Boohoo’s woes continue, Brooks Brothers files for Chapter 11 and Klarna warns consumers…

Review of sweatshops no relief as Boohoo shares tumble again (The Times, Ashley Armstrong and Gurpreet Narwan) shows that shares in online retailer Boohoo fell yet again yesterday following allegations of modern slavery at a factory in Leicester. Since the allegations surfaced, the company has hired Alison Levitt, QC from Mischon de Reya to investigate its suppliers’ adherence to minimum wage rules and Multiple Boohoo inspections find no modern slavery offences (Financial Times, Patricia Nilsson, Alex Barker, Laura Hughes and Jonathan Eley) shows that nothing dodgy has been uncovered so far despite inspections of Leicester factories by the GLAA, Leicestershire Police, Leicester City Council, the National Crime Agency, Health and Safety Executive, Leicestershire Fire and Rescue and Immigration enforcement. * SO WHAT? * This is very bad PR for Boohoo, but then again it seems that the clothing that caused the furore in the first place was not actually made there – it was just being repackaged there. Other inspections have failed to turn anything up as yet but then again it may take some time given that Leicester’s textile industry is incredibly fragmented – 1,000 manufacturers employ less than 10 staff, for instance. This has definitely taken a lot of the recent sheen off Boohoo’s recent purple patch, but unless investigators can find anything nothing has really changed. In the meantime, Boohoo’s share price has fallen by a third – but it will be under a cloud until there is some kind of conclusion forthcoming from the investigation. 

Brooks Brothers, hurt by casual Fridays and coronavirus, files for bankruptcy (Wall Street Journal, Suzanne Kapner and Soma Biswas) shows the latest US retailer to bite the dust as it filed for bankruptcy protection yesterday. It follows the likes of Neiman Marcus, J.Crew and J.C.Penney as it seems that coronavirus lockdown proved to be the final straw in a business that was already suffering from changing consumer tastes (more casual, less smart) and behaviour (buying more online). It is now seeking a buyer. What a shame for a company that has been around for over 200 years and managed to survive two world wars. Fun fact: did you know that Marks & Spencer owned Brooks Brothers between 1988 until 2001? I did. That’s why I’m such an incredibly exciting bloke 👍.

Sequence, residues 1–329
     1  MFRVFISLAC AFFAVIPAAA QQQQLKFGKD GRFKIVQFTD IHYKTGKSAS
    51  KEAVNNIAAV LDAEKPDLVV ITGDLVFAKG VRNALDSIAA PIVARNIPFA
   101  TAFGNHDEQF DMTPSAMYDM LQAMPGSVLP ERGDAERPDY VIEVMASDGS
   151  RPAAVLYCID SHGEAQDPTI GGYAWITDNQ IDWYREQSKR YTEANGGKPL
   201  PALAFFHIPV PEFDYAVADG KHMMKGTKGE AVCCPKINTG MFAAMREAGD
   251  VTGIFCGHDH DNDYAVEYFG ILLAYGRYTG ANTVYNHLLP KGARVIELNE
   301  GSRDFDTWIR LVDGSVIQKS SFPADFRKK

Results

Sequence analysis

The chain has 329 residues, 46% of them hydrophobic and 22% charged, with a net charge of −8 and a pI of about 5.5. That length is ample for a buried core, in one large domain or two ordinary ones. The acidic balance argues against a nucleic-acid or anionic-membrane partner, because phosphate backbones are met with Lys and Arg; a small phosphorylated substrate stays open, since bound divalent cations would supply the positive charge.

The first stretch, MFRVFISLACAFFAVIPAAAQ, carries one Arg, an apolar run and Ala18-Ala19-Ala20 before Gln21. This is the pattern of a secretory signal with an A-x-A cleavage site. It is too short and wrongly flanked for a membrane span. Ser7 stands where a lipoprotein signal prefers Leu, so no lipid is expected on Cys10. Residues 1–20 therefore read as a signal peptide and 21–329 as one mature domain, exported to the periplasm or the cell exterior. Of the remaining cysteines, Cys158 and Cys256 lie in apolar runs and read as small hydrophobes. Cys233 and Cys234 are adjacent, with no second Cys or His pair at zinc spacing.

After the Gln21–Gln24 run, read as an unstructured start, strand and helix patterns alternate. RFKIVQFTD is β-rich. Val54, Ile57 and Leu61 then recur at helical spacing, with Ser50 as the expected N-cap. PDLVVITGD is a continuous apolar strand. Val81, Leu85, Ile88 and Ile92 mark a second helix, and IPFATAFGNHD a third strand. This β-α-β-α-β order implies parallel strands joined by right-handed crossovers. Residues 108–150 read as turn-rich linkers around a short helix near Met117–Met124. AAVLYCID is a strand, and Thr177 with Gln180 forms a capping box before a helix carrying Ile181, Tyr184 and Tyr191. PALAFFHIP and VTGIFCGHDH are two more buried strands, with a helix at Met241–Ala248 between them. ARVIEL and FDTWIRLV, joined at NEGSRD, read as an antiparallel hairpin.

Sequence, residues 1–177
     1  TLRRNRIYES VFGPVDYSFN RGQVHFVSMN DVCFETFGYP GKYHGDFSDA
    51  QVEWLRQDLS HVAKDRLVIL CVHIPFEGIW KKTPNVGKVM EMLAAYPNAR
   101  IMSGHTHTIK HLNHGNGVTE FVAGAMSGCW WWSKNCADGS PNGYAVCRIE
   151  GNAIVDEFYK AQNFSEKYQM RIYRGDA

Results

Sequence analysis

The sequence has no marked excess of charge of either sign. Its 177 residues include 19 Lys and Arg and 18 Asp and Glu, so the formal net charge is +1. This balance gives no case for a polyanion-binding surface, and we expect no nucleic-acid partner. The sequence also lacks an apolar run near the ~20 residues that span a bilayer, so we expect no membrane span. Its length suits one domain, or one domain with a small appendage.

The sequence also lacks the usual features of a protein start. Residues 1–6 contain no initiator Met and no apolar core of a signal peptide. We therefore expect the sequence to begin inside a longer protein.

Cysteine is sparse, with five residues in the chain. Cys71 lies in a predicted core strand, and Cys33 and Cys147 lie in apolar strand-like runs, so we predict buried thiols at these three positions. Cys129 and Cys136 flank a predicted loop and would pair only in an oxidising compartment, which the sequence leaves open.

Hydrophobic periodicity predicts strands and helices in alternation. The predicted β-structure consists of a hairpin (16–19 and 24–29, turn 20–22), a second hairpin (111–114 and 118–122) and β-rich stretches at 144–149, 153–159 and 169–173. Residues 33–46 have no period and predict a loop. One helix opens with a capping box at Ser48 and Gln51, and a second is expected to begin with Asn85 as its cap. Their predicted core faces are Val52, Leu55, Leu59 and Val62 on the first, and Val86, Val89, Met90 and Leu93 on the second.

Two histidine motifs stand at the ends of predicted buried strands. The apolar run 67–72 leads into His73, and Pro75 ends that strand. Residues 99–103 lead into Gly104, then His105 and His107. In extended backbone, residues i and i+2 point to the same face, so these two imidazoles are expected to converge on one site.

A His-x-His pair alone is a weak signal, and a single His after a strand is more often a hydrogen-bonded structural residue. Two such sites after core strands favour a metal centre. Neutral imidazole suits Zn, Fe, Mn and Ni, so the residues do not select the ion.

Then in ‘Buy now, pay later’ firm warns of impulse buying (The Times, Patrick Hosking) we see that the market leader in “buy now, pay later” financing, Klarna, is going to launch a campaign to warn shoppers against buying stuff they don’t want (but I bet they mean “don’t buy stuff you can’t afford” but can’t quite bring themselves to say it 😜)! Klarna is Europe’s join-largest fintech company (the other one is Revolut) and it said it will be rolling out this campaign across TV and social media. They want would-be consumers to ask “Do I love it? Will I use it? Is it worth it?” (they missed out Queen of Tidying, Marie Kondo’s question “Will it bring me joy?” 😂). * SO WHAT? * Surely this is like Diageo launching a campaign to get everyone to be teetotal or for British American Tobacco to push the benefits of not smoking!!! Thus far, Klarna has emphasised the benefits of offering a “pay later” service because they say that it boosts sales by up to 20%, but this campaign heralds a real back-track. Call me paranoid, but it looks to me like the company is hugely concerned that many customers will “default” and that they are desperately trying to pre-empt a potentially huge problem.



Deutsche Post DHL employees get bonuses, United and AirAsia face problems – as does FirstGroup (when was the last time you were on a train or bus??)…